Shoe soles brush the floor, whirling cars buzz by, as I lumber my way up to the Coffee Bean on a sunny Saturday afternoon in Westwood. I spot the restroom entrance in the corner with a sign posted limiting access to patrons. The line at the counter is short. The person ahead of me asks only to make change. I order my coffee and step to the fixing area. A middle-aged man, short of stature and broad-shouldered, with black thinning hair, stirs his drink hypnotically. I start to wait behind him as I tend to do when someone is ahead of me at these stations. I decide not to defer to him and find that there is ample room on the other side of the station to sweeten my coffee. The man continues to stir, to obsessively tinker with his treat as if an alchemist shaping gold. I reach over for the half-and-half, my arm stretching across the man’s line of sight. He is absolutely transfixed on his drink. I move deftly and economically while the man stands in place, gesturing, and twisting his arms like a maestro to make his drink perfect.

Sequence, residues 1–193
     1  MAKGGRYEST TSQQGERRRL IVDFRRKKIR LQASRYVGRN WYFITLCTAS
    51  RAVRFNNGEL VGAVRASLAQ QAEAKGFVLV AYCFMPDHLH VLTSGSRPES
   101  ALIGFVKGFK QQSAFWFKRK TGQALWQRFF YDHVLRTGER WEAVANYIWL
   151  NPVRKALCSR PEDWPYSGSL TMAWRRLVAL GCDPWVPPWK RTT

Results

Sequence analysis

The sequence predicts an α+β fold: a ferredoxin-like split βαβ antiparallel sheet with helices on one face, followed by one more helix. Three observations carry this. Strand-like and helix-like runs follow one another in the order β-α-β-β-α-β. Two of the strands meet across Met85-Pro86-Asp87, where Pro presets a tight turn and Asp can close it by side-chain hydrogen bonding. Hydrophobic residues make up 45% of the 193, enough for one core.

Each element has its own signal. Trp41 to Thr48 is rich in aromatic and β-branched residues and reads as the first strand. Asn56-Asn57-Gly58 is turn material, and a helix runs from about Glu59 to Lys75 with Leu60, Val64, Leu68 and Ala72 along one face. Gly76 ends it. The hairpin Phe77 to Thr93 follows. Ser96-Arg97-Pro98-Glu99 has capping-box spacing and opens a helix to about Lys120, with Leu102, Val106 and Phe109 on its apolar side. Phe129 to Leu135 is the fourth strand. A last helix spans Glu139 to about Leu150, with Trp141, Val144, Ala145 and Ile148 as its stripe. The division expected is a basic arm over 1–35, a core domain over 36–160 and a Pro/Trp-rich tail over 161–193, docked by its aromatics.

I find a table outside. A good sized crowd has turned out, and the place is abuzz with chatter. The patrons press closely together, chattering, crackling, and going back-and-forth as the din engulfs my ears. Thumbing through Anthony Shadid’s book, straining over the metal table, sitting quietly with my eyes fixed straight ahead. Two observations take up my attention—the lady seated ahead of me and the gentleman speaking to the side of me. I glance but do not want to stare. I listen to his incessant, intelligent pleadings but can only make out some of his words and not the ideas behind these words. I mostly remember that he alone in his group was speaking. He spoke without pause, not even to take a breath or to invite others into his conversation.
I walk into the swallowing crowd. It makes me. I wander. I become one of the hundreds. I walk across the street. This may be my last walk through a crowd and I’m not lost. I walk until I’m gathering up steam with purpose. Somewhere in my future I will be walking somewhere. Not today. Today, I’m among the multitudes of people trying to enjoy the afternoon Sun. It shines on all of us for the day until the universe hides us from its glaring majesty. We are all at it’s mercy – the crowd, the sun, the society we live in. The crowd is sometimes the only permissible rule. Our bodies fall in line behind one person or one object or anything. We are all bodies when we are in a crowd. Nothing special. I walk away with the crowd whispering into my ear.